Kennedy offers no evidence and points to nothing in the case record to support these conclusions. He's just sure.


Nancy Swan said...

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Anonymous said...

Ok then! We'll just let Soros and the union bosses do their thing. Million upon millions -- perhaps billions! Haven't heard anything about them. (Those who are really crooked). At least Corporations are 95% above board. But we'll just examine the 5% bad ones (that every profession has -- ministers, teachers, priests, accountants, doctors, dentists, you name it and there are bad apples in every barrel).

Mike McCabe said...

The Supreme Court's ruling not only allows corporations to spend even more freely on elections, it also allows unions to spend more freely. This decision is very good for organized money, and very bad for ordinary citizens.

clyde winter said...

There is no comparison between the amount of money and power wielded by multi-national corporations and that available to the U.S. labor movement (not to mention the individual citizen). So the practical effect of this U.S. Supreme Court ruling is to further increase and consolidate the almost absolute domination of government in America by huge corporations. (Besides that, the leaders of organized labor are selected on the democratic principle of one person, one vote, whereas the leaders of multi-national corporations are selected on the anti-democratic principle of one dollar, one vote, and most of those votes are usually cast by other corporations, not people, and not necessarily U.S. citizens.)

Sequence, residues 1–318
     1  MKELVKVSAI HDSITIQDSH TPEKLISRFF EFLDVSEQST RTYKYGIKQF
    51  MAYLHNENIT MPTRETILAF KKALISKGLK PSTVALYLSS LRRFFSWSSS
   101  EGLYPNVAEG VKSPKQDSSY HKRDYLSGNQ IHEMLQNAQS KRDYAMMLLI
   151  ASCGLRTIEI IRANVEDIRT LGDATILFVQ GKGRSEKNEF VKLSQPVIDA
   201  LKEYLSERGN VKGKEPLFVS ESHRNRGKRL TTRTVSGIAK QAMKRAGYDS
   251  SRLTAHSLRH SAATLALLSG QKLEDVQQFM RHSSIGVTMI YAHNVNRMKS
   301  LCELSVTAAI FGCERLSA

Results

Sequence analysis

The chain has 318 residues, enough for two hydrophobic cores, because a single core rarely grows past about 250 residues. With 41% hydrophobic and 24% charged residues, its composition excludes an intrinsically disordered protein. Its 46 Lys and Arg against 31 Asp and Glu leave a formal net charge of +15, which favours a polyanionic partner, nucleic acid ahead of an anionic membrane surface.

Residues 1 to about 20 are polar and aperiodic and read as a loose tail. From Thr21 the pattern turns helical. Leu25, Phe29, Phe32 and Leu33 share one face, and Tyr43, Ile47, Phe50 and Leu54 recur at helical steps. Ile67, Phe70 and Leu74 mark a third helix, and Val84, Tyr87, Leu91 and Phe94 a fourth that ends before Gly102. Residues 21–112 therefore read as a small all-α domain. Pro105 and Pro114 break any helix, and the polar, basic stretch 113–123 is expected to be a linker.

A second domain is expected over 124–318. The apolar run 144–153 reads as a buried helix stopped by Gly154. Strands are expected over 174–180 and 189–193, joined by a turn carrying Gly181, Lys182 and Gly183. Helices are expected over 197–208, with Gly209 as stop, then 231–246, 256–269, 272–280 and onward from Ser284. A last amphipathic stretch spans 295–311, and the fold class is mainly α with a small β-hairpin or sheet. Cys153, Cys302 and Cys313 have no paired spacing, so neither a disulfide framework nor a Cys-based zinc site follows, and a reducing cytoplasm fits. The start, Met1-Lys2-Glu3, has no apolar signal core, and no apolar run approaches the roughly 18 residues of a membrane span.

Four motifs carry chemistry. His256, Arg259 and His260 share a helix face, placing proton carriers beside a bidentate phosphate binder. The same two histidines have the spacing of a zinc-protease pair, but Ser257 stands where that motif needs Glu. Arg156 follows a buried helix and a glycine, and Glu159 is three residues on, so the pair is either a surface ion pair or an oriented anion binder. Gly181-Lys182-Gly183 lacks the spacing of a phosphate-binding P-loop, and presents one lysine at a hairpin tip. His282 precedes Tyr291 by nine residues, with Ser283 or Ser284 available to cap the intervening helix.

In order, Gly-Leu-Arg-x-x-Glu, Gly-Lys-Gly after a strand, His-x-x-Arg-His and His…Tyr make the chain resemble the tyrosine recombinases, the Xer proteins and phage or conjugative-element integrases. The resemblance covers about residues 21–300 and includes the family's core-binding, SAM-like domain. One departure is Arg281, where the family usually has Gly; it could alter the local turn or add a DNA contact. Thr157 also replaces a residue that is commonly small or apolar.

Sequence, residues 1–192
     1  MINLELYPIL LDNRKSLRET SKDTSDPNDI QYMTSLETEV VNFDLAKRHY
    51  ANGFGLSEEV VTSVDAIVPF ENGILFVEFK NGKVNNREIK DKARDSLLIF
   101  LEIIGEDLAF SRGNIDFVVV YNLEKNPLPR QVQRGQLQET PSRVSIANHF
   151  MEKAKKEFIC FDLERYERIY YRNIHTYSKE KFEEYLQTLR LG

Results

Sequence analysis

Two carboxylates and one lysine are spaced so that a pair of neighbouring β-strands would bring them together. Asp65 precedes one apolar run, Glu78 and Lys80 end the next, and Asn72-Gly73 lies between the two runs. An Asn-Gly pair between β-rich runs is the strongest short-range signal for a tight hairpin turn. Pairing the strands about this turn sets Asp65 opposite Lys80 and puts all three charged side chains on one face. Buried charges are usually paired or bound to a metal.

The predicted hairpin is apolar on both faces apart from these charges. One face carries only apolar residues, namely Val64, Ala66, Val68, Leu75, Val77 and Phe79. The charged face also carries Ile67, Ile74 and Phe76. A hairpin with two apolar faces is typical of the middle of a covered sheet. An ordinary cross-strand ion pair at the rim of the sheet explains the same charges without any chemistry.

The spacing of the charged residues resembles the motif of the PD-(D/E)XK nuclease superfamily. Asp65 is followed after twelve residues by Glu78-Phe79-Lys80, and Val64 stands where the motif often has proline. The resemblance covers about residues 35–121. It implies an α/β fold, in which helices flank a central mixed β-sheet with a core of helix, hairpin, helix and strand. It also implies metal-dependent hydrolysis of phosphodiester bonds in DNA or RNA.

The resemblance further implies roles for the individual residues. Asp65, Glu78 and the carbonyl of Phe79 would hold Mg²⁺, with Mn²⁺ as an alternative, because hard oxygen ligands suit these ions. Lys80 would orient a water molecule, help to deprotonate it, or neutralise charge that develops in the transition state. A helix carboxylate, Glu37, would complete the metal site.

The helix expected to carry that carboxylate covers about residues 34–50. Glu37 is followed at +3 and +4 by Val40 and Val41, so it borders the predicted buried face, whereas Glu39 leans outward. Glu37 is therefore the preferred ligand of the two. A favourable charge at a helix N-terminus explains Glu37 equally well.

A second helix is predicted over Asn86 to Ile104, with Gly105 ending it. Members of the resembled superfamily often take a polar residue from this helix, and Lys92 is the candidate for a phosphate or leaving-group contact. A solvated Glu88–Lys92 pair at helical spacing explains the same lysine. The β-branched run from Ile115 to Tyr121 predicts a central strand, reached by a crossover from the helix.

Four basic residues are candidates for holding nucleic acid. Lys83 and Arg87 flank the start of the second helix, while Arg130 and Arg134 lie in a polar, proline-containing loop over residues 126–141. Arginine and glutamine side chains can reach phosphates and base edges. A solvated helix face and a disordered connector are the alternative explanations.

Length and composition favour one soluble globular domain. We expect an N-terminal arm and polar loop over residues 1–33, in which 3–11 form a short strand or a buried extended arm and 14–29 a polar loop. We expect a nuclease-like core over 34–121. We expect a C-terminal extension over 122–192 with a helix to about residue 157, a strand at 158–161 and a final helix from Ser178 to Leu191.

This "Citizens United v. FEC" ruling represents the final "Strike Three" against the U.S. Supreme Court.

"Strike One" was "Santa Clara County v. Southern Pacific RR Corp." (1886), when a Gilded Age Supreme Court stupendously asserted (despite the clear intent of Congress) that corporations have all the rights that living persons have to due process and equal protection of the law, under the 14th Amendment.

"Strike Two" was "Buckley v. Valeo" (1976), when Rehnquist became Chief Justice, and the Supreme Court startlingly ruled that the employment of huge sums of money to influence the outcome of elections and the policies enacted by government officials, was protected under the Constitution as "free speech", thus introducing the ignoble principle of legalized bribery to governance in America.

Strikes One and Two eventually rendered the everyday American citizen virtually without a voice, and without effective access, in what should be our government, and has made the hard-won universal vote almost a mockery of the sacrifices made to win, protect, end extend the American Revolution and the drive through history for democracy and a government that is of, by, and for the people.

Strike Three, in 2010, is so devastating of our basic rights to government of, by, and for the people, means that it is now our turn to swing the bat. NO ONE will swing it for you. Just keep your eye on the ball and take a nice cut.

Brad V said...

Ordinary citizens are often part of "organized money."

Donna Horowitz Richards said...

What happens to our recent victory in Wisconsin? Does that still stand?

Mike McCabe said...

Last week's court ruling has no bearing on the Impartial Justice bill creating publicly financing state Supreme Court election that was passed by the Legislature and signed into law by the governor. That still stands.

The legislation (SB 43) closing the "issue ad" loophole that was passed by the state Senate on January 19 is affected by the ruling. The bill is by no means dead, but will have to be changed somewhat before it can go forward. Discussions are already underway about how to adapt it in the wake of the Supreme Court decision. We will be pushing hard in the weeks to come for its passage.